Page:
Ross seeks to give justification to Smythe’s actions, highlighting several different reasons as to why his views changed throughout the war. Factors such as the progression of war, development on the homefront, as well as Smythe’s character justify Ross’ overall argument. He concludes that while Smythe did have an obvious change in opinion, his actions were justified through the ever changing economic and political situation. While Ross does an adequate job of his analysis, there are certain points that can contrast with his views that are omitted. A factor that Ross uses in his justification of Smythe’s attitude being understandable was the ever changing dynamic of the war.One of the main pieces of criticism he had for the Saturday Night article was that Smythe was portrayed in a way that expected him to know the developments of the war. This is an excellent critique of the source because Ross highlights, as it was a secondary source, the overall atmosphere during the publication date, 1951, was one where questioning the validity of the war was popular, unsure whether or not those who participated did so with a moral justification. As this is a secondary source, the Saturday Night article fails to consider the views of the people actually experiencing the war in that time, focusing on what was known after, in 1951. Ross even states this criticism, stating that the reviewed article demonstrates Smythe in a way that expected him to know the outcome of the war, not accounting for the perceived Allied victory. By doing so, the argument presented by the Saturday Night article is seen as inaccurate, as it fails to consider the current situation that Smythe found himself in. While Ross exemplifies his argument through his analysis of the secondary source, he fails to do so when commenting on the economics on the homefront.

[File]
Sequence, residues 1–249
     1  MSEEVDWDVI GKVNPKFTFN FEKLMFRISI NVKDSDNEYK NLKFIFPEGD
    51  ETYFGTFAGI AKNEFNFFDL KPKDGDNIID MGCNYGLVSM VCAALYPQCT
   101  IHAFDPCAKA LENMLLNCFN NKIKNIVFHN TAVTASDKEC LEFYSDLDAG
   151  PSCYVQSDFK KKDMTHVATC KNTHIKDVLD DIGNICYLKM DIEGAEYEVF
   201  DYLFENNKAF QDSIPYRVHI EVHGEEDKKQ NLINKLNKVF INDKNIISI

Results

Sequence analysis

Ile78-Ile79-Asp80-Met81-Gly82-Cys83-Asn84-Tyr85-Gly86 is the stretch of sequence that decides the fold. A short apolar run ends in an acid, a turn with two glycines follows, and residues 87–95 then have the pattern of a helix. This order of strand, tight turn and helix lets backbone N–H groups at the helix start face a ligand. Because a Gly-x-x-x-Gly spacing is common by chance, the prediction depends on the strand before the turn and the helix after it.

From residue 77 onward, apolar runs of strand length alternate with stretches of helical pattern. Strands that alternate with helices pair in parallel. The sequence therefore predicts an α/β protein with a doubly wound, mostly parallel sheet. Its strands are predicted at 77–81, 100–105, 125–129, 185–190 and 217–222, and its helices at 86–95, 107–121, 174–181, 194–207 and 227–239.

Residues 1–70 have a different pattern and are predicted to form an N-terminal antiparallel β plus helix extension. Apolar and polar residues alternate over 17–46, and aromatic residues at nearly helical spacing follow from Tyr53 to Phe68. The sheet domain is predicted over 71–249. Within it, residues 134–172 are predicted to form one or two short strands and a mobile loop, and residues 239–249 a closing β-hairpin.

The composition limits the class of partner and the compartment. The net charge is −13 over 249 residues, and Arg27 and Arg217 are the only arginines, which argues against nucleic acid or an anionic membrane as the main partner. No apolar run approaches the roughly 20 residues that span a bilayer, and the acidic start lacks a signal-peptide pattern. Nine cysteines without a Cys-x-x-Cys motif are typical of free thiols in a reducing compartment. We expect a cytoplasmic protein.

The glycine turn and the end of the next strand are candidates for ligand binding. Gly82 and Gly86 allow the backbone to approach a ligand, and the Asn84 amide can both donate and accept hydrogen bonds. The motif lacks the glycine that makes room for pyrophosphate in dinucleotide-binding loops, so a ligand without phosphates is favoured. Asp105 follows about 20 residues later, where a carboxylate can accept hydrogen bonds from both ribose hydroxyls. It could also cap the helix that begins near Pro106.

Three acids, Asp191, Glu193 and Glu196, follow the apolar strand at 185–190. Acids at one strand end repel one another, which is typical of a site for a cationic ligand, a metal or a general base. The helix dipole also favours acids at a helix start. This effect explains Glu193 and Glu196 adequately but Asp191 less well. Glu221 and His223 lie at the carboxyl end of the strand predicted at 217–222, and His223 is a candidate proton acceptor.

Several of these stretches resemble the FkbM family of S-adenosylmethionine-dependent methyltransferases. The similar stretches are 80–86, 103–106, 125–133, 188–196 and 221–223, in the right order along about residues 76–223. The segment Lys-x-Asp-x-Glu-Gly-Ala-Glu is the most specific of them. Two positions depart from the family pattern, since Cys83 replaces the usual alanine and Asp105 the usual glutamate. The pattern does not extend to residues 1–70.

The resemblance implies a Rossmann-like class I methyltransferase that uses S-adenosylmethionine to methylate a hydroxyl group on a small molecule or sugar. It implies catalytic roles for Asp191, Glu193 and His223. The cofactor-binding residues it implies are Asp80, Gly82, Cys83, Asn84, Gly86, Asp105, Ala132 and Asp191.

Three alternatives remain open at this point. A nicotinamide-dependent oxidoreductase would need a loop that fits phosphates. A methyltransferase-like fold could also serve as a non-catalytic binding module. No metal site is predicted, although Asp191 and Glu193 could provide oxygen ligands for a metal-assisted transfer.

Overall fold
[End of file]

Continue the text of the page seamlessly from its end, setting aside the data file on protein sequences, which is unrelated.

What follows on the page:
Ross’ focus on the Foreign Exchange Control Board (FECB) placing restraint on travel from Canada to the US, questions the validity of Smythe’s intentions. The reason for the FECB’s decision on the matter was that of industrialization. Canada needed the funds from the US in order to develop adequate weaponry and machinery for combat. This is where Ross’ point suffers, due to his lack of attention to the development of capitalism through industrialization. As the FECB decision was happening, Ross highlights Smythe’s concern for his players, as opposed to the war effort. This demonstrates the overall inexperience most people, during the 1940s, had with capitalism. Smythe’s focus on his players, while good hearted, fails to consider the war effort as a whole. While he could not predict the future, Smythe’s inability to analyze the overall view of the war opens his character up for debate. The result is whether or not Smythe prioritizes the war effort, or keeping his players safe, which also means a succeeding Toronto Maple Leafs. It is unclear whether or not Smythe sought to protect his country, or his legacy as a business owner of the Leafs, solidifying the point made by the other article.
In conclusion, Ross’ article attempts to justify the contradictions of Smythe on conscription throughout the Second World War. While he does expose the bias views of the reviewed Saturday Night article, he himself becomes subject to it. Using Smythe’s autobiography as a source is bias as Smythe negates himself to controversy. The lack of focus on Smythe’s inability to prioritize the war over his own business venture questions his character as a whole, thereby leaving his motives up for debate.